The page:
COGNITIVE BEHAVIORAL SUPPORTS
Cognitive Behavior Supports
Many people with cognitive impairments can still exercise meta-cognitive skills by analyzing their own reasons for engaging in inappropriate behaviors. Certainly, the Special Education culture contains members who engage in the same dysfunctional behaviors as people who are not part of the SPED culture.
Here are some adaptive supports for teaching cognitive behavior modification. In this model, the student takes an active part in analyzing why certain behaviors do not work.
These visual supports are visual supports and based on a cognitive change program developed in the state of Oregon and designed as an evaluation system for prison inmates who volunteered for the Oregon SUMMIT Program. The system uses 10 abstract behaviorial characteristics. Each inmate was evaluated daily by several program staff members. A simple plus(+) and minus(-) system was used to record daily data about each inmate.
At the end of the week, each inmate was presented with the results of each behavior report. Advancement in the SUMMIT Program was determined by inmates' successful modification of negative, antisocial behaviors for which the inmate received a minus(-) on the evaluation sheet.
I have successfully used an adaptive version of this system in four adaptive life skills classrooms in the public school system. I found that each abstract behavioral concept could be presented in small group settings over the period of a school year. It did not take long for most students with developmentally determined varying abilities understood that it was better to receive ppluses than minuses.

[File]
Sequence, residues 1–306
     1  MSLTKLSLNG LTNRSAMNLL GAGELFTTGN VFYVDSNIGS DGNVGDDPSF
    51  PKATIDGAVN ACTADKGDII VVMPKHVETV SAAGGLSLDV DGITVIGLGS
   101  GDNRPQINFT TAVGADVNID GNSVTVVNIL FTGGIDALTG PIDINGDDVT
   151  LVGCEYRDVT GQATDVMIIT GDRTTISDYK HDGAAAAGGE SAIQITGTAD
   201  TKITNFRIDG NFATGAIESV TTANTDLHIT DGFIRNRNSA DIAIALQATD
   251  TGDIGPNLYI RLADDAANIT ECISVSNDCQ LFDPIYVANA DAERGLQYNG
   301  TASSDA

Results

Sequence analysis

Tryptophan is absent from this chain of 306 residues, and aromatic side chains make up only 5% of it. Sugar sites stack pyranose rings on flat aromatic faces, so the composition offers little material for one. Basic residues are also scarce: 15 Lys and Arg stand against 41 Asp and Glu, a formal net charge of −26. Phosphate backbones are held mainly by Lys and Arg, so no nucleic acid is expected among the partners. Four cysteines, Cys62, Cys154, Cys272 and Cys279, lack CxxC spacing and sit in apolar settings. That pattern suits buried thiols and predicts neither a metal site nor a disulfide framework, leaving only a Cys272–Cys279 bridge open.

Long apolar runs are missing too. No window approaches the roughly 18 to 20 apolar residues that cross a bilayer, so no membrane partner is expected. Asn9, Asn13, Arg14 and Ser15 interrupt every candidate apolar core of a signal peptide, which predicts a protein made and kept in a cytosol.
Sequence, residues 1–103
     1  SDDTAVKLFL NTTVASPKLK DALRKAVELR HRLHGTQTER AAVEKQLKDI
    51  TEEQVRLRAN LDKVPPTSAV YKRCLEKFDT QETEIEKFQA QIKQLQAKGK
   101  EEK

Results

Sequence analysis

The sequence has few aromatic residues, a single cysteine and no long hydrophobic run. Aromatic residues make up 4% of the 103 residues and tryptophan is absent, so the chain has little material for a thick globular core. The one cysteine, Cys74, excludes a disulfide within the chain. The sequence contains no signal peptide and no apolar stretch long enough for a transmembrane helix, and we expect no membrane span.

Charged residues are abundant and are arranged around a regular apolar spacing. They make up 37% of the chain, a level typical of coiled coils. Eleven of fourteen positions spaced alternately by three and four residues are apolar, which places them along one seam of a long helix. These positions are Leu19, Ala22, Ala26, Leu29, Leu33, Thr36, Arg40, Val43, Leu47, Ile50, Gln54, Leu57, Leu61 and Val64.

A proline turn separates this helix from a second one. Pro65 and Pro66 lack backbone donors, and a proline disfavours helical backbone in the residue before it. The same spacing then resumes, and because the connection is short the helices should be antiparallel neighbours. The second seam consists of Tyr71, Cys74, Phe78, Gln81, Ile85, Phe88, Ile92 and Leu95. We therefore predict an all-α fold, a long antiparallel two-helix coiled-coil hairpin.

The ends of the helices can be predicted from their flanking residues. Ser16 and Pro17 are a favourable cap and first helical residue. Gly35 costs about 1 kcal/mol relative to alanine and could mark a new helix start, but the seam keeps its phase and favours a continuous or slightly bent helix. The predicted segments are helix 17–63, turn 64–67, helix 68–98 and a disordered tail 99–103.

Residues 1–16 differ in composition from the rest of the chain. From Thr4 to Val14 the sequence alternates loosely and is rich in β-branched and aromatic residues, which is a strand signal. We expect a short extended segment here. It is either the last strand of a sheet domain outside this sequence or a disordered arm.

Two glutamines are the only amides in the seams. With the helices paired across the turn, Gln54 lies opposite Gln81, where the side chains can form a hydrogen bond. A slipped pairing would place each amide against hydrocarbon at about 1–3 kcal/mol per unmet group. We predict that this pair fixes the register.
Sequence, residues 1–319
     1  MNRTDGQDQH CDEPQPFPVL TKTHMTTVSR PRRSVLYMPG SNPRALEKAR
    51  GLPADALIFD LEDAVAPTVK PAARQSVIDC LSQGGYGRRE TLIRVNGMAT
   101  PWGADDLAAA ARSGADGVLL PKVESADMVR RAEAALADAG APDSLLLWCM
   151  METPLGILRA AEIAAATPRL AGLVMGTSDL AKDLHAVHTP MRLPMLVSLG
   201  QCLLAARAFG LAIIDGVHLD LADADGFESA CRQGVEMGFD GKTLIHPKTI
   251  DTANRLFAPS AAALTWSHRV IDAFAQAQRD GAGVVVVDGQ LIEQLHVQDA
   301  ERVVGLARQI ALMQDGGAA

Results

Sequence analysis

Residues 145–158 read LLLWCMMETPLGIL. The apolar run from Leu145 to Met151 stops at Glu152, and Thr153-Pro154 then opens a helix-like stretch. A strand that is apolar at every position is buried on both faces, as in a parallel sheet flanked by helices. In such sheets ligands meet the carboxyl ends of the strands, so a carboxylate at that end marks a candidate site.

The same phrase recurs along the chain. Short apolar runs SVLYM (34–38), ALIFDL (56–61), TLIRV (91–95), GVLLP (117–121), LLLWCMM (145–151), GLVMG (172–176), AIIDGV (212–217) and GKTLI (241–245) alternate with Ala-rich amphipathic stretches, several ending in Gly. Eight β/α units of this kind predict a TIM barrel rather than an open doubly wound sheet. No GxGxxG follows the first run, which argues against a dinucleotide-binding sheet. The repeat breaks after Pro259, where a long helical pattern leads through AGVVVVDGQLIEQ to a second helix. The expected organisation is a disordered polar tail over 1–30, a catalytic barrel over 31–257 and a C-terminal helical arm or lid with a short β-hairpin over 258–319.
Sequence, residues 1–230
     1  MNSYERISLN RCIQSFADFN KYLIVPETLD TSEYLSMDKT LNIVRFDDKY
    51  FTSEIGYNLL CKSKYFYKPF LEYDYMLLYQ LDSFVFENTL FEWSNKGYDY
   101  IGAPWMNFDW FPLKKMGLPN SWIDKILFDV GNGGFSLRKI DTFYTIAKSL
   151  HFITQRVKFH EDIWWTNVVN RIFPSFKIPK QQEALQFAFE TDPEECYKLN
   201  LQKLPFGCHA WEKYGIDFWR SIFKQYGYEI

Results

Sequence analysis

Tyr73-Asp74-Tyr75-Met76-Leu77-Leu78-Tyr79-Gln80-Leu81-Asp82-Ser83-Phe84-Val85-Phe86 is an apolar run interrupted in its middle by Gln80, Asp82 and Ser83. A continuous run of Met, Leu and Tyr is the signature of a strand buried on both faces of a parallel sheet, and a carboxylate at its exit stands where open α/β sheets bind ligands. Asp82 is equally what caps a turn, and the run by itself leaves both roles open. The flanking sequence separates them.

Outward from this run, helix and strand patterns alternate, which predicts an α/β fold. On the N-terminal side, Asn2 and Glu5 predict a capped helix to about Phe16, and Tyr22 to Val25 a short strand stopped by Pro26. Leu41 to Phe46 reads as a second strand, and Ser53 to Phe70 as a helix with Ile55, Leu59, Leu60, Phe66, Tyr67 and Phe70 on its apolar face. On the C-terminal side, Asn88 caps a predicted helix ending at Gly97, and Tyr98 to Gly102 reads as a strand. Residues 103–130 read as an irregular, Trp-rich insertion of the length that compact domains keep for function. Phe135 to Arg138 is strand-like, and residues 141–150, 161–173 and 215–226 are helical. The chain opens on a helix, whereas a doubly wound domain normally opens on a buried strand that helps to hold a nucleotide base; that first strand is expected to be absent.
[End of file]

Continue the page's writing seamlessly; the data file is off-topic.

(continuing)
The forms I used can be found below.
RIGHT CLICK ON EACH PAGE BELOW TO PRINTOUT THE EVALUATION FORMS AND WORKSHEETS FOR THE STUDENTS.
Here is a shorter version emphasizing five behaviors that be better understood by students in adaptive life skills classrooms.
Here is a student handout sheet showing each of the 10 adverse behaviors.
Higher functioning students, particularly those placed in emotional growth classrooms, might benefit from discussing concepts such as incarceration. Often the SED population consists of teens who feel immune to the juvenile justice system and pose an attitude of invulnerablity to behavior modification techniques.
A word of caution - when I used this worksheet with a student on the ASD scale, the student became obsessed with the idea of living in a cage. The campus security officer had to park his police vehicle out of sight of this student who was constantly attempting to break into the rear cage of the vehicle.